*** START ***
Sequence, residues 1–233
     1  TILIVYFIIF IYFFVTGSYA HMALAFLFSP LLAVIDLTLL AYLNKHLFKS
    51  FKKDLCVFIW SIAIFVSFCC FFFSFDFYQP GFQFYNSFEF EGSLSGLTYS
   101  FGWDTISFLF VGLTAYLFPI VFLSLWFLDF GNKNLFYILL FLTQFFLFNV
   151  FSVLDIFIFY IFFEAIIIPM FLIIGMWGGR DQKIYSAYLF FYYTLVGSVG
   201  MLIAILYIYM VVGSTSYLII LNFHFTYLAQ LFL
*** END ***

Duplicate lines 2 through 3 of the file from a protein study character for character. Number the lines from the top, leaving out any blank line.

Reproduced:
     1  TILIVYFIIF IYFFVTGSYA HMALAFLFSP LLAVIDLTLL AYLNKHLFKS
    51  FKKDLCVFIW SIAIFVSFCC FFFSFDFYQP GFQFYNSFEF EGSLSGLTYS